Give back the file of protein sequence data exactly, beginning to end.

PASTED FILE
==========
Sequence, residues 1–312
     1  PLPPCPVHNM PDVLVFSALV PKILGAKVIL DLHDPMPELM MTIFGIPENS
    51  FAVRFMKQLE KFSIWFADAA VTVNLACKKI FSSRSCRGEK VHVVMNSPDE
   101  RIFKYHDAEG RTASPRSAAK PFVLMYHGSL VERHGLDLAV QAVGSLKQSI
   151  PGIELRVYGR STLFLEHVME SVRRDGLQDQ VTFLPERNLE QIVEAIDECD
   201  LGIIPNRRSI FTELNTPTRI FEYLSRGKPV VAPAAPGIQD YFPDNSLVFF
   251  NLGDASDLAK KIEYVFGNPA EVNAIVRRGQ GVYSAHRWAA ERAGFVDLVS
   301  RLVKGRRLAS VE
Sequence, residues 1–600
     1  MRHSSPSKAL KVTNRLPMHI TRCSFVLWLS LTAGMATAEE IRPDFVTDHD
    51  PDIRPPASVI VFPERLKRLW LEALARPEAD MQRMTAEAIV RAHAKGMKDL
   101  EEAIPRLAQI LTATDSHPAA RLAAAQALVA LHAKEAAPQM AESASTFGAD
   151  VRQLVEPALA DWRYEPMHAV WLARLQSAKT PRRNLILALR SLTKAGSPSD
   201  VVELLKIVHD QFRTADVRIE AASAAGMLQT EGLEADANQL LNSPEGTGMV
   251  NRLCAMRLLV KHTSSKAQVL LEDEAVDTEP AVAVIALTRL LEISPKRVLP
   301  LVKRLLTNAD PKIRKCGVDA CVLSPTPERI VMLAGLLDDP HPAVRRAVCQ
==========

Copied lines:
Sequence, residues 1–312
     1  PLPPCPVHNM PDVLVFSALV PKILGAKVIL DLHDPMPELM MTIFGIPENS
    51  FAVRFMKQLE KFSIWFADAA VTVNLACKKI FSSRSCRGEK VHVVMNSPDE
   101  RIFKYHDAEG RTASPRSAAK PFVLMYHGSL VERHGLDLAV QAVGSLKQSI
   151  PGIELRVYGR STLFLEHVME SVRRDGLQDQ VTFLPERNLE QIVEAIDECD
   201  LGIIPNRRSI FTELNTPTRI FEYLSRGKPV VAPAAPGIQD YFPDNSLVFF
   251  NLGDASDLAK KIEYVFGNPA EVNAIVRRGQ GVYSAHRWAA ERAGFVDLVS
   301  RLVKGRRLAS VE
Sequence, residues 1–600
     1  MRHSSPSKAL KVTNRLPMHI TRCSFVLWLS LTAGMATAEE IRPDFVTDHD
    51  PDIRPPASVI VFPERLKRLW LEALARPEAD MQRMTAEAIV RAHAKGMKDL
   101  EEAIPRLAQI LTATDSHPAA RLAAAQALVA LHAKEAAPQM AESASTFGAD
   151  VRQLVEPALA DWRYEPMHAV WLARLQSAKT PRRNLILALR SLTKAGSPSD
   201  VVELLKIVHD QFRTADVRIE AASAAGMLQT EGLEADANQL LNSPEGTGMV
   251  NRLCAMRLLV KHTSSKAQVL LEDEAVDTEP AVAVIALTRL LEISPKRVLP
   301  LVKRLLTNAD PKIRKCGVDA CVLSPTPERI VMLAGLLDDP HPAVRRAVCQ